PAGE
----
Protesters appealed in court Tuesday a City of Chicago decision denying their request to move the date of a previously approved G8 march to coincide with the NATO meeting.
"There are people coming from around the United States and around the world to raise their voices against NATO and the war-makers, as well as the NATO and G8 agenda," said Joe Isobaker, a member of CAN-G8.
After President Barack Obama pulled the G8 out of Chicago, the Coalition Against the NATO/G8 War & Poverty Agenda reapplied to move the march one day later than the one for which they were approved.
Their orginal application allowed them to march from Daley Plaza to within earshot of McCormick Place on May 19.
The second application, for May 20, was denied because of what the Chicago Department of Transportation called congestion and security concerns that come with the larger NATO summit.
"There are not available at the time of the parade a sufficient number of on-duty police officers," said Assistant CDOT Commissioner Michael Simon in a statement.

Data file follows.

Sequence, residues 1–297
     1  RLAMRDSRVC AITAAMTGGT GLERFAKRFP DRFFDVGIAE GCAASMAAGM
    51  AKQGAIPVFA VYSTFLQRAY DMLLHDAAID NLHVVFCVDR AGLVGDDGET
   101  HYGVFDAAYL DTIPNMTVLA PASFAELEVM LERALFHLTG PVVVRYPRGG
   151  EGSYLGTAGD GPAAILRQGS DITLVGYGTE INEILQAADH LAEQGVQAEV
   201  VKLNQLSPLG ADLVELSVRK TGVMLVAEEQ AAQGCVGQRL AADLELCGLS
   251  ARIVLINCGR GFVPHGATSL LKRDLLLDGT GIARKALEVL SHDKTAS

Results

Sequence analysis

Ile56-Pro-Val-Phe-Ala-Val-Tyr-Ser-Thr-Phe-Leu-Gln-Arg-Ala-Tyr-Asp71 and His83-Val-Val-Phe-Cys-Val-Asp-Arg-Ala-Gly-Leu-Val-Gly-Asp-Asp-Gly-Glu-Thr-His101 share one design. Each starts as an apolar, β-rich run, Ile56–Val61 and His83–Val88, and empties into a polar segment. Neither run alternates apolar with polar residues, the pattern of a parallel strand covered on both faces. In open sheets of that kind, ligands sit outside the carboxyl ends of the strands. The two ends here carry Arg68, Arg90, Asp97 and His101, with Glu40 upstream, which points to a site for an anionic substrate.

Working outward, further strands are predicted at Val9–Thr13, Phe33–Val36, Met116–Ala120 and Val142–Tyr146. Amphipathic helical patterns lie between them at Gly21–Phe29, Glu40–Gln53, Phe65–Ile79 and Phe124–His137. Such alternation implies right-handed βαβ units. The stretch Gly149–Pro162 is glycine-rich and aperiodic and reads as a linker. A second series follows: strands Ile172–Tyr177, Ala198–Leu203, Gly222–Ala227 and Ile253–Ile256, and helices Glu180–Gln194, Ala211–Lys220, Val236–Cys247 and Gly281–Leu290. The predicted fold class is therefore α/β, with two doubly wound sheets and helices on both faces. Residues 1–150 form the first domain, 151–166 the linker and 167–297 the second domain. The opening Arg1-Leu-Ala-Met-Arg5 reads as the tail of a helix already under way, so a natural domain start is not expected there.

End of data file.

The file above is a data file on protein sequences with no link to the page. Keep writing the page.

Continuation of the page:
CAN-G8 leaders say they don't buy it.
"The city's arguments about not having enough on-duty police personnel and other personnel to deal with policing, the parade and so forth are transparently bogus," said CAN-G8 member Andy Thayer.
City leaders for months have touted Chicago's ability to handle both the G8 and the NATO summits along with all the accompanying protests. Protesters argue that if police numbers were an issue, then the city should have declined hosting the summit in the first place.
"We don't believe that the city has any rational or objective basis for denial of the permit under ordinances either old or new," said CAN-G8 attorney Jeffrey Frank. "And that's what we intend to prove in court today."